Older age at onset and evidence of active disease, like clinical relapses or inflammatory brain lesions, significantly increase the likelihood of faster disability progression in primary progressive multiple sclerosis (PPMS), a natural history study suggests.
These findings — which included active disease being seen in 31% of the 178 patients in this study — may help in understanding factors that influence PPMS course, leading to clinical trials and therapeutic approaches better designed for this population, its researchers said.
Age-related data also support the existence of other underlying mechanisms of neurodegeneration apart from disease activity.
The study, “Disease activity impacts disability progression in primary progressive multiple sclerosis,” was published in the journal Multiple Sclerosis and Related Disorders.
PPMS is marked by a steady disease progression from the onset of symptoms, but the rate of progression varies among patients. Whether disease activity in PPMS significantly contributes to the pace of progression remains controversial.
This disease is classified as “active” when a patient has an occasional relapse, or there is evidence of new brain lesions on a magnetic resonance imaging (MRI) scan.
In addition, “most natural history studies on MS patients have been performed in Western Europe and North America, none of which included Latin American patients,” the researchers wrote.
Researchers in Argentina set out to identify potential predictors of disability worsening, including disease activity, in 178 PPMS patients (95 women and 83 men) being followed at two MS clinics in Buenos Aires.
The team retrospectively analyzed demographic and clinical data for this group. Patients had a median age of 42 at disease onset — manifested as partial paralysis of both legs in 78% of the cases — and were followed at the clinics for a median of four years (range, one month to nearly 20 years).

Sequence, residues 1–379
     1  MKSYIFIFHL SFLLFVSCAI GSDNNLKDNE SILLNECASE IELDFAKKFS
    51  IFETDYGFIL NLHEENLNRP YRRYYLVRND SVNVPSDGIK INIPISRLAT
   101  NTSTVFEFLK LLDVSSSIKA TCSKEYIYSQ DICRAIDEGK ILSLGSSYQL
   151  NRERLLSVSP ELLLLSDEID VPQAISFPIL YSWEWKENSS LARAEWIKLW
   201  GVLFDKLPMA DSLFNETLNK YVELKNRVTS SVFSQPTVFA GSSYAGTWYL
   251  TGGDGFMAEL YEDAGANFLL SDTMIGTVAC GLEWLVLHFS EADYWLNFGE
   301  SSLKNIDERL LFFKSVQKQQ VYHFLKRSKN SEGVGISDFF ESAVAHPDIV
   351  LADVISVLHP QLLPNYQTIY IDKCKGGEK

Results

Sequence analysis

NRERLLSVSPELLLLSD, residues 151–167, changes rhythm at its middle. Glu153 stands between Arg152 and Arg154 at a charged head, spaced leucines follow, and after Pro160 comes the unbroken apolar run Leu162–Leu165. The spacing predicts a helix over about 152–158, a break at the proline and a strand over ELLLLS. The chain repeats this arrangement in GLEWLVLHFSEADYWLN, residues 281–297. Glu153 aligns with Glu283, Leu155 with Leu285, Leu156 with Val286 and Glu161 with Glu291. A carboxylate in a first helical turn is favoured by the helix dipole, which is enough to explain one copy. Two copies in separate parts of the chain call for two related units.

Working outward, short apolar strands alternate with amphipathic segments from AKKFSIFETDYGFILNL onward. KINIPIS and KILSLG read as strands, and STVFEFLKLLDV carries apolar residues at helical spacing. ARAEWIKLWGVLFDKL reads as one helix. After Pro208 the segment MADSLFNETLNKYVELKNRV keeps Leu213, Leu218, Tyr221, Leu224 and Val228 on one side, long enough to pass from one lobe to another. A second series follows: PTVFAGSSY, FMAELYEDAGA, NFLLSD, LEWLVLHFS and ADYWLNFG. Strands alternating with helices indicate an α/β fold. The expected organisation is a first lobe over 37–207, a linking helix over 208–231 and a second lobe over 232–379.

A total of 59 patients had at least two consecutive MRI scans available. The researchers noted that since most patients with relapses did not immediately undergo an MRI scan, the number of inflammatory brain lesions may have been underreported.
During follow-up, 56 of these patients (31%) showed signs of active disease, which, in 98% of the cases, was detected during the first five years after onset.
A total of 26 patients (14.6%) had at least one relapse, and new brain lesions were detected in 38 patients (21%). Eight (4%) showed both clinical relapses and new brain lesions.
Disability was assessed using the Expanded Disability Status Scale (EDSS); this scale ranges from 0 to 10, with higher scores indicating greater disability.
Time to reach disability milestones (EDSS scores of 4, 6, 7 and 8) from disease onset was also assessed. EDSS scores of 4 or higher reflect impaired mobility, and scores from 6 to 8 include needing a walking aid (score 6), being essentially restricted to a wheelchair (score 7), or restricted to a bed or chair, or a to wheelchair a person cannot move on their own (score 8).
Patients generally reached an EDSS score of 4 in five years, an EDSS score of 6 in seven years, of 7 in 10.5 years, and a score of 8 in 10 years, results showed.
Notably, those diagnosed later in life had a significantly higher risk of faster disease worsening. Specifically, every 10-year jump in age at onset raised the risk of reaching an EDSS score of 4 by 26%, and of 6 by 31%.
The presence of active disease also significantly associated with faster disease progression, as patients with reports of a relapse or new brain lesions showed greater disability, reaching EDSS scores of 6 or higher more quickly than those without signs of active disease.
Overall, the team concluded that “older age at onset and presence of clinical and/or radiological disease activity correlated with accelerated disability progression in this cohort of PPMS patients.”
The researchers noted that their findings on the largest PPMS case series from Latin America were consistent with results from previous studies.
Data support the existence of age-related processes contributing to neurodegeneration in PPMS, and suggest that the presence of relapses and new brain lesions may represent “additional active damage over the cumulative neurodegenerative process of the disease,” the researchers wrote.
They emphasized that while this study may help to better understand PPMS and improve clinical trial design, larger and prospective studies are needed to confirm these results.
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